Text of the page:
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Using Product Hunt Ship to Validate Ideas

Using Product Hunt Ship to Validate Ideas

Published: 
September 18, 2020
 by 
Matt Johnson
, Last updated: 
March 25, 2021

Product Hunt Ship is a toolkit to help makers have a successful launch

As you might have noticed, content is a massive part of our growth strategy at Taskable. We view content reasonably broadly. It can be anything from a post in a forum where our target audience hangs out, a blog post, a video, or even something more comprehensive, like an interactive database of places to post your product or checklist templates for launching on Product Hunt. We are big believers in being as lean as possible and validating ideas before spending a bunch of time on them without knowing if they will be popular, interesting, or well-received. For smaller content items like blog posts, this often means posting a thought as a tweet or in a community. We’ve talked a bit about this previously, with the idea of minimum viable content, in our Top Content Marketing Tips article.

The comprehensive ‘content products’ require a bit more time and effort. For example, we created a checklist for launching on Product Hunt, that we also wanted to become a feature in our product. Or, our State of the Stack interactive survey of work tools. That isn’t just a few hours of drafting, getting feedback, and posting like a blog. They require development time or hours of research or building new pages on our website. For these types of projects, we tend to do a bit of additional validation of the idea. And this is where Product Hunt’s Ship comes in.

What is Ship

Ship is a “toolkit for makers to ship awesome products” created by Product Hunt. It lets you spin up a quick landing page (here's the Ship page for Taskable), share what you’re working on, and collect email addresses. You can then send a welcome email, project updates, and user surveys. The idea is to give you a toolkit for you to build a following of early adopters, get user feedback, and built momentum ahead of your product launch day.

We used the Ship Pro account, which means we can promote our upcoming page to the Product Hunt community. I hate to say it, but the tools themselves are sort of underwhelming. They can be buggy and clunky. I generally add everyone to Mailchimp to send email updates and use Typeform for surveys. The really value is access to the Product Hunt community. For $79 a month, they will promote your upcoming page on the homepage. Users can then quickly follow/subscribe to your project.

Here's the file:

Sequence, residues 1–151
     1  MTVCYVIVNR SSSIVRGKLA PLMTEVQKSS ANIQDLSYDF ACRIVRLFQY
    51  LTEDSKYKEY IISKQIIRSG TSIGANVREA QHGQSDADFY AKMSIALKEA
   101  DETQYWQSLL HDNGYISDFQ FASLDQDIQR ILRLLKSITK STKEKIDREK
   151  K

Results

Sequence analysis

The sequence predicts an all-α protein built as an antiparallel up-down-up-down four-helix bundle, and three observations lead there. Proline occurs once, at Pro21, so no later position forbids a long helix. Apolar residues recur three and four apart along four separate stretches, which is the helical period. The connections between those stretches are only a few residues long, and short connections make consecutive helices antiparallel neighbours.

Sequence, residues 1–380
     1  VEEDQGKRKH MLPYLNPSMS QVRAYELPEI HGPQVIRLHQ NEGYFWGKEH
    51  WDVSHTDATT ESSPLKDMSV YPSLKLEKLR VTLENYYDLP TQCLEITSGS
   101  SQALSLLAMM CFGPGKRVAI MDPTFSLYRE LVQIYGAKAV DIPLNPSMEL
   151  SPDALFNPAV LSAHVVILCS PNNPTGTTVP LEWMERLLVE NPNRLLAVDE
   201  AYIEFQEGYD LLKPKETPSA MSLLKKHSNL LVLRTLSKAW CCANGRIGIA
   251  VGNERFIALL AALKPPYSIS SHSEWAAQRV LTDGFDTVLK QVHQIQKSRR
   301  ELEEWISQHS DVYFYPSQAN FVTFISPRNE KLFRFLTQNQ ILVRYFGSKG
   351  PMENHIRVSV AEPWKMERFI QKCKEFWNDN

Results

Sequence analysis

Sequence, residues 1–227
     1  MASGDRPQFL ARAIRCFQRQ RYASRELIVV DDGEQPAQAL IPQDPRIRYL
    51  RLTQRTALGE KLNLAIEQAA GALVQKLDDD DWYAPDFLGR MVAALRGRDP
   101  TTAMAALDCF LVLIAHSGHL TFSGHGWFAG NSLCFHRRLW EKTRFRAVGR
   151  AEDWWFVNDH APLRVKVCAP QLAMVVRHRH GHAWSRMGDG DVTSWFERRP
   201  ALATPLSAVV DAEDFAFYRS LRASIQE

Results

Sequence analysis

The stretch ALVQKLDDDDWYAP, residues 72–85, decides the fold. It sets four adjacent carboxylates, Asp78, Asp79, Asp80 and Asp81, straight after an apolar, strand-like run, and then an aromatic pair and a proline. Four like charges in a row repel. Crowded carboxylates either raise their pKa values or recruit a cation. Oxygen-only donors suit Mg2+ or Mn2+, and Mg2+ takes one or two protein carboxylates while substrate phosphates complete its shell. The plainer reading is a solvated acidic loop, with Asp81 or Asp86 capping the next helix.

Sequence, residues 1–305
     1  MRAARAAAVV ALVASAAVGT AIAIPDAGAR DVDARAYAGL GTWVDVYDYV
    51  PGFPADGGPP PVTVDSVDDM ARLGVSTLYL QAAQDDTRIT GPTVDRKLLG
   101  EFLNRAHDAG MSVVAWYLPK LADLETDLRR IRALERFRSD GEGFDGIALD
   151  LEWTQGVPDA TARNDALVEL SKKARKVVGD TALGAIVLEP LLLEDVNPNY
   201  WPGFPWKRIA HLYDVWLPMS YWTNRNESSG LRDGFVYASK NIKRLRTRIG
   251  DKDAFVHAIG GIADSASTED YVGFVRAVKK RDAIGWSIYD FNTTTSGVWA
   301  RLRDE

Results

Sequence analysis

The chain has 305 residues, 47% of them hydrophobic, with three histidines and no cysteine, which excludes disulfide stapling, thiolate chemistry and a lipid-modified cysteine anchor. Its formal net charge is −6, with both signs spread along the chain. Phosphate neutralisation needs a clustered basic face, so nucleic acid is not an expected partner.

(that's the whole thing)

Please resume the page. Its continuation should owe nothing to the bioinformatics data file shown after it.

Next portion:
The Product Hunt Ship pages show up as upcoming products on the front page
Ship pages show up in the Upcoming Products column on the front page

The Good

We like Ship because the number of subscribers gives us a better sense of interest. Now that we’ve done several things on Ship, you can sort of gauge how popular something is by how quickly it flies off the shelf.

It also gives us email addresses of everyone who has expressed interest. That way, when we launch it, we can blast it out to the interested parties.

Finally, it gives us a bit more exposure as Taskable with Product Hunt users, which is a similar audience to the one we target.

The Bad

There are quite a few downsides to Ship.

The first downside is the cost. Paid monthly, it ends up being $79. You get some other perks, like AWS credits, but it’s still one of our largest expenses. The second downside is you can only promote two projects at a time, which isn’t clear when you sign up. It’s also a bit tricky to keep tabs on the projects you are promoting. Third, the product itself isn’t great. The email marketing tool is missing some key features. We do our surveys in Typeform rather than Ship. There are bugs, and unclear features. Finally, the way users subscribe to your project is frictionless, which is excellent for boosting your numbers and email addresses you capture. But, low friction also means it’s less clear how interested someone is. Lots of people might hit subscribe, but their interest is minimal.

The Ugly

The biggest issue with Ship and I suppose Product Hunt in general, is the number of spam accounts. Lots of people creating accounts and engaging on PH to later upvote and engage with their product post. Often users are just subscribing for you to see their email address and check out their product. To me, this is the biggest issue and makes it difficult to judge whether something is popular, or whether you just promoted it to a bunch of spam accounts.

Product Hunt Ship subscribers are often spammy
I don't think you are really interested in Growth Yakking "Mr Olson"

Summing Up

We do get value out of Ship. It’s been a great source of users and validation for some of these content product ideas. This has a lot to do with our target audience being aligned with the Product Hunt audience. The value comes from the community, not necessarily the Ship product itself. For the $79 per month, you can expect to gather 50 to 100 user signups per month, but anywhere from 25 - 50% of those can be spam (seems to come in waves).

March 25, 2021
by
Matt Johnson

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